It was Nevinson’s misfortune that his finest pictures had for their subject something that everyone was under an almost irresistible compulsion to expel from their memory: the First World War’s Western Front.’ So wrote John Rothenstein in his book Modern English Painters in 1951.
The former Director of the Tate Gallery was perplexed by C R W Nevinson. He was not an artist he rated before or after the Great War. And yet Rothenstein couldn’t help but include him in his magnum opus. Nevinson annoyed him – as well as many others. A brief spell in Fleet Street alerted Nevinson to the powers of the press and his subsequent postwar self-publicity created a fortune for the artist while earning him the jealousy of his colleagues. His death at the age of 57 in 1946 was followed by a long period of neglect.
In April Bonham’s had a small but timely exhibition of some choice Nevinson pieces which celebrated his career – from pre- to post-war, displayed in their spanking new premises in New Bond Street. The best works came from Nevinson’s time as a war artist.
Christopher Richard Wynne Nevinson was the son of a distinguished war correspondent and a suffragette. He attended the St John’s Wood School of Art and the Slade, where he was a contemporary of Stanley Spencer and Dora Carrington. The Slade’s Professor of Drawing, Henry Tonks, advised against a career in art – which led to his brief career in Fleet Street. But a trip to Paris rebooted his enthusiasm, and led him to adopt Cubism. He was excluded from the Vorticists after falling out with Percy Wyndham Lewis and instead embraced Futurism. Suddenly, the subjects he wanted to paint were motor cars, cities, machinery and aeroplanes.
With the outbreak of the Great War he was an artist in the right place at the right time. Unfit for fighting, he enlisted as an ambulance driver with the Red Cross and travelled to the Western Front, chronicling the horrors that he witnessed. In 1917 he was appointed an official war artist, commissioned by the Ministry of Information to contribute six works on the theme of ‘Building Aircraft’. These are plainly propagandist works, featuring contented (female!) welders using acetylene torches and building biplanes. At the same time they are spectacular: the sparks fizz and light and shade are sharply contrasted. The subjects look like they’ve walked off the set of Fritz Lang’s Metropolis.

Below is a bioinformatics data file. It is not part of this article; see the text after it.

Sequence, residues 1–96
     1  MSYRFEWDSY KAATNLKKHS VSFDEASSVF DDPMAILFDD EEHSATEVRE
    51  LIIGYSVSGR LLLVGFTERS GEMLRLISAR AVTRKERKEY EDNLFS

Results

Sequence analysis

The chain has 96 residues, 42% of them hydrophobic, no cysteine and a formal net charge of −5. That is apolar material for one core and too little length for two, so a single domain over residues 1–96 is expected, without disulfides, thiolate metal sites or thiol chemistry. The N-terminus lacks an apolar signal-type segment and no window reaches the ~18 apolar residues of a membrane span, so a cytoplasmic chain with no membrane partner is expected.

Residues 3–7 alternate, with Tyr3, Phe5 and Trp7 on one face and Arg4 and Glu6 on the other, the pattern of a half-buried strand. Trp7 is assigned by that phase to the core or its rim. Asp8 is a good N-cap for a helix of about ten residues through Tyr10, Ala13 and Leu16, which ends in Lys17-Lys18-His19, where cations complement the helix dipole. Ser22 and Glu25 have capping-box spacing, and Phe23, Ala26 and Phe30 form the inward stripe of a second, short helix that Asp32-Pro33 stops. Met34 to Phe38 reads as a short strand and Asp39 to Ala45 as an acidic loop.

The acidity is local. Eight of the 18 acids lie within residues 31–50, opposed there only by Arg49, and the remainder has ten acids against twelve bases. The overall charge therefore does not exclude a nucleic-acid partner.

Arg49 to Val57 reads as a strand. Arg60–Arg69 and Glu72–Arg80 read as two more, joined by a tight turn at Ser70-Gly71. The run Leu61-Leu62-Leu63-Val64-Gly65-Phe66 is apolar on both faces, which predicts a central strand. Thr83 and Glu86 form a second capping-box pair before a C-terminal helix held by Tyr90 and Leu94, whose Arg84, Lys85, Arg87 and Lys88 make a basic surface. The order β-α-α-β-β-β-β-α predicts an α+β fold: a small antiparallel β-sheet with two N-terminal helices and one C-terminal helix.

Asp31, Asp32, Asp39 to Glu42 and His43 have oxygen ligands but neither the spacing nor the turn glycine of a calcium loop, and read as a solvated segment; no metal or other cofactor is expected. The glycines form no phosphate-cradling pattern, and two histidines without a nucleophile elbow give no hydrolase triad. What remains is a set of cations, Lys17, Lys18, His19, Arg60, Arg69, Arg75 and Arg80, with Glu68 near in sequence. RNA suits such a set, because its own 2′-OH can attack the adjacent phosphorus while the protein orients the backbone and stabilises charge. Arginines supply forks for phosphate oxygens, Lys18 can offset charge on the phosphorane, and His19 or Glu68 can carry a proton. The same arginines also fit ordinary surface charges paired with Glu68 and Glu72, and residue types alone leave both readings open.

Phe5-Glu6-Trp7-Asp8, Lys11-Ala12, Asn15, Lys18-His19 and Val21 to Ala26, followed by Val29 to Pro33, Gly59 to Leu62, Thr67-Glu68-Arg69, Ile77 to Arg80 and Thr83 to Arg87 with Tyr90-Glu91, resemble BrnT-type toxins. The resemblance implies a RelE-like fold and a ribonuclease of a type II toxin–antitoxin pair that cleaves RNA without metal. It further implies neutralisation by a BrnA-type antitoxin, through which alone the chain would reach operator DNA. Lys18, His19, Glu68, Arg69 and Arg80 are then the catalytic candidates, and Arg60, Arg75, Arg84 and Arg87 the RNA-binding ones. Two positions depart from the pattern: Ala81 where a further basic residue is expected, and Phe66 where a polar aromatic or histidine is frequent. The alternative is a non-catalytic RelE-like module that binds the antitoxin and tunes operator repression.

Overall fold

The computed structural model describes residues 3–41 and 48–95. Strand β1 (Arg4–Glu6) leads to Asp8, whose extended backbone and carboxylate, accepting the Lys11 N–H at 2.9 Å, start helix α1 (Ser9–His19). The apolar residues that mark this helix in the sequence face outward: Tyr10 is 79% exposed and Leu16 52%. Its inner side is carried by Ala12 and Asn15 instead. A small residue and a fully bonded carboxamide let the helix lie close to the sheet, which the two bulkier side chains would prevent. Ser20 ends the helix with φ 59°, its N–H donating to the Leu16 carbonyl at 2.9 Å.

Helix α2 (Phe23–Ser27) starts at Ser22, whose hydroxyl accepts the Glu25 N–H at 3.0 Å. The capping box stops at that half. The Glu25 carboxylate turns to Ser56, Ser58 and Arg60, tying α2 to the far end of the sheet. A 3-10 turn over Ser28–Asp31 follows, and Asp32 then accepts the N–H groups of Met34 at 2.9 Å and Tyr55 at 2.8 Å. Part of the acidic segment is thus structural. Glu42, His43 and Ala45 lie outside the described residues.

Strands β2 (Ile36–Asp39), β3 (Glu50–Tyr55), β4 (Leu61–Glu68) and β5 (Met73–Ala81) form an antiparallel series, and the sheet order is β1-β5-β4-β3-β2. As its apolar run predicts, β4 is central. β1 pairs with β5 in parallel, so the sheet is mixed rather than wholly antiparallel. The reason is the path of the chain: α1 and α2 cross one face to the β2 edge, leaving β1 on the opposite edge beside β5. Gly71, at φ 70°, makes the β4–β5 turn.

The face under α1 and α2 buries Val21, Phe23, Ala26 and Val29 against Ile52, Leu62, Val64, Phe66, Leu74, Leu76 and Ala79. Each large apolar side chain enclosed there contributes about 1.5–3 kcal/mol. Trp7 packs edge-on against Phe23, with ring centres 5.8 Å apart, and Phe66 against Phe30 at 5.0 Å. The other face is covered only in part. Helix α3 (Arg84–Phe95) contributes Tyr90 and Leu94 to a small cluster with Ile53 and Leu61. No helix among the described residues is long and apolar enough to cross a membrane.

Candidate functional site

The best of this series of prints are those of the aerial views of Flanders – panoramas of landscapes from a bi-plane’s perspective. Originally paintings, they have been turned into lithographs – and are perhaps all the more dramatic as a result. The monochrome shades and tones are a more vivid reminder of Great War scenes usually depicted in black-and-white photography. Back on the ground, Nevinson recorded desolate landscapes like That Cursed Wood – a typical Flanders battle site of bombed tree-stumps, circling birds and, above them, distant biplanes. It is bleak – but beautiful.
Post-war, Nevinson produced some fine mezzotints of Paris, New York and London – including a smoggy From an Office Window and The Workers, a snapshot of industrial unrest against a backdrop of towering factories. But nothing compared to his Great War work. A 1925 etching, Waterloo Bridge from a Savoy Window, perfectly captures the smoky South Bank, but can’t compete with the drama of his 1917 lithograph of an aerial dogfight, Swooping down on a Taube (a German aeroplane), with a biplane back-lit by shafts of sunlight beaming through the clouds.
Perhaps Nevinson was his own worst enemy – his arrogant and boastful behaviour leading to him being ignored for so long. Certainly, the critic Lewis Hind wrote in 1920, ‘It is something, at the age of 31, to be among the most discussed, most successful, most promising, most admired and most hated British artists.’ It is sadly ironic that one who so graphically portrayed the horrors of conflict should be the source of so much enmity.